HMAS Latrobe

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HMAS Latrobe
Career (Australia)
Namesake: Town of Latrobe, Tasmania
Builder: Mort's Dock and Engineering Company
Laid down: 27 January 1942
Launched: Floated 19 June 1942
Commissioned: 6 November 1942
Decommissioned: 13 March 1953
Reclassified: Training ship (1946)
Honours and
Battle honours:
New Guinea 1943-44
Pacific 1943-45[1]
Fate: Sold for scrap 18 May 1956
General characteristics
Class and type: Bathurst class corvette
Displacement: 650 tons (standard), 1,025 tons (full war load)
Length: 180 ft 10 in (55.12 m)
Beam: 31 ft 2 in (9.50 m)
Draught: 8 ft 6 in (2.59 m)
Propulsion: triple expansion engine, 2 shafts
Speed: 15.5 knots (28.7 km/h) at 2,000 hp
Complement: 85
Armament: 1 x 4-inch gun, 3 x Oerlikons

HMAS Latrobe (J234/M234), named for the town of Latrobe, Tasmania, was one of 60 Bathurst class corvettes constructed during World War II, and one of 36 initially manned and commissioned solely by the Royal Australian Navy (RAN).[2]


Latrobe was laid down by Mort's Dock and Engineering Company at Balmain, New South Wales on 27 January 1942.[2] As the ship was built in a dock it was floated clear on 19 June 1942, with the ceremony officiated by the Reverend A. G. Rix.[citation needed] The ship was commissioned into the RAN on 6 November 1942.[2]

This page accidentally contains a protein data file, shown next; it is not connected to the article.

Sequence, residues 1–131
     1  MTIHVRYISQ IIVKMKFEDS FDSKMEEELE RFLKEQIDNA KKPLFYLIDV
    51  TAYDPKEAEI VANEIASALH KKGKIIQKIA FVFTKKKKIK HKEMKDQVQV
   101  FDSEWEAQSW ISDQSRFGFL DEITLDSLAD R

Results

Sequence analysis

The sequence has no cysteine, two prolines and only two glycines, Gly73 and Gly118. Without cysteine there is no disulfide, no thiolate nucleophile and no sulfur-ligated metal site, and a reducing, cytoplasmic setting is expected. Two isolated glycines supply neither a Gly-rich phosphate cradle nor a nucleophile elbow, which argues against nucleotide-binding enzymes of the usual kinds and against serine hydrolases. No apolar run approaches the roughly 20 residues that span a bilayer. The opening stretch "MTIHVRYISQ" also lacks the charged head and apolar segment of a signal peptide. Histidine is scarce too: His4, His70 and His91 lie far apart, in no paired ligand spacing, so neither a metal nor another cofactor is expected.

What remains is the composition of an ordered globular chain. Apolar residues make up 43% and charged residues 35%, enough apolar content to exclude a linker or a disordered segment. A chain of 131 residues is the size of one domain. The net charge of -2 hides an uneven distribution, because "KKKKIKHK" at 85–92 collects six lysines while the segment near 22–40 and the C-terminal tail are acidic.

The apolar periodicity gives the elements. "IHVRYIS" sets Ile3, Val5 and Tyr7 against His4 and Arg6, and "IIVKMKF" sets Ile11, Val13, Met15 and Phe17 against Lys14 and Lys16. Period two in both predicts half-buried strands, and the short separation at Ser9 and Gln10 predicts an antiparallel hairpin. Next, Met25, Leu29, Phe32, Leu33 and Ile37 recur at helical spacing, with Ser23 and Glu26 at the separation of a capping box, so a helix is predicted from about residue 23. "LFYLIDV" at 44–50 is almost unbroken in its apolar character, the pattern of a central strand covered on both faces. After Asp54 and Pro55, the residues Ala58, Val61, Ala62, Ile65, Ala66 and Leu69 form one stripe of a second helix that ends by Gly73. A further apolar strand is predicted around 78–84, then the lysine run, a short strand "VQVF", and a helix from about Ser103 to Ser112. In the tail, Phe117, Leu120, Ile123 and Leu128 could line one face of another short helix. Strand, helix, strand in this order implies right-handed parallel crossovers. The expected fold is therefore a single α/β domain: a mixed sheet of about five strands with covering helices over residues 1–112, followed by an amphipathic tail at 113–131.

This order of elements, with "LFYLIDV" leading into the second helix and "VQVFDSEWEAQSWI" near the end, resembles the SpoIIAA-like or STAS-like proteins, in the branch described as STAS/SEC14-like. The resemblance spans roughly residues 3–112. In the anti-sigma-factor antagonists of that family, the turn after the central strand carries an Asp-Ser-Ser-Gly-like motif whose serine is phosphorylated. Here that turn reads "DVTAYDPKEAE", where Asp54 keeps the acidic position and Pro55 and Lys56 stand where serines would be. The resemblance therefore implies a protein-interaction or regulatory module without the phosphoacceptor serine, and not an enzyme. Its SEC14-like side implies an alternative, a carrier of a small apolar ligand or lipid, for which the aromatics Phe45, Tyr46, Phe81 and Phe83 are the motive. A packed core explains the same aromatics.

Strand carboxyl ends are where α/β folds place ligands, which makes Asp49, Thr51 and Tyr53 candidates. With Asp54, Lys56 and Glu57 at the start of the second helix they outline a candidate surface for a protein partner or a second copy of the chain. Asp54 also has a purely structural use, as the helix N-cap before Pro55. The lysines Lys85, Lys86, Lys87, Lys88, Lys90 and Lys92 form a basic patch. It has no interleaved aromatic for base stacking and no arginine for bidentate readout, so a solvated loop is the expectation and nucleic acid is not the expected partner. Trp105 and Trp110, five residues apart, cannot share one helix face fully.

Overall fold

Latrobe’s dimensions differed from the Bathurst class design: she was shorter (180 ft 10 in (55.12 m) compared to 186 ft (57 m)) and had a slightly wider beam (31 ft 2 in (9.50 m) compared to 31 ft (9.4 m)).[2]

Operational history

After entering active service, Latrobe initially served as a convoy escort ship, first between Queensland and New Guinea, then between Darwin and Thursday Island.[2] On 12 February 1943, the corvette unsuccessfully attacked a Japanese submarine.[2] In July, a Darwin-bound convoy escorted by Latrobe was attacked twice by Japanese aircraft, and in December, a lone Japanese bomber attempted to attack the corvette.[2]

In June 1944, Latrobe was reassigned to New Guinea operations, and arrived on 17 June.[2] She spent seven omnths operating as a convoy escort and anti-submarine patrol ship, before sailing to Adelaide in January 1945 for a two-month refit.[2] Latrobe returned to New Guinea in late April, and served in numerous roles until the end of World War II, including escort, patrol, minesweeping, and shore bombardment.[2]

After the end of the war, Latrobe was involved in the evacuation of Allied prisoners-of-war, and the transportation of occupation forces.[2] She returned to Australia in December 1945, towing two small craft to Sydney before proceeding to Melbourne.[2] In early 1946, the corvette was attached to Flinders Naval Depot for use as a training ship until the end of 1952.[2]

Decommissioning and fate

Latrobe paid off on 13 March 1953.[2] She was placed in reserve on 17 September 1953, where she remained until she was sold for breaking up as scrap to the Hong Kong Rolling Mills on 18 May 1956.[2]


  1. Festberg, Alfred N. (1981). Heraldry in the Royal Australian Navy. Melbourne, VIC: Silverleaf Publishing. pp. 47–8. ISBN 0949746002. OCLC 9780949746009. 
  2. 2.00 2.01 2.02 2.03 2.04 2.05 2.06 2.07 2.08 2.09 2.10 2.11 2.12 2.13 2.14 "HMAS Latrobe". HMA Ship Histories. Sea Power Centre - Royal Australian Navy. Retrieved 27 December 2008.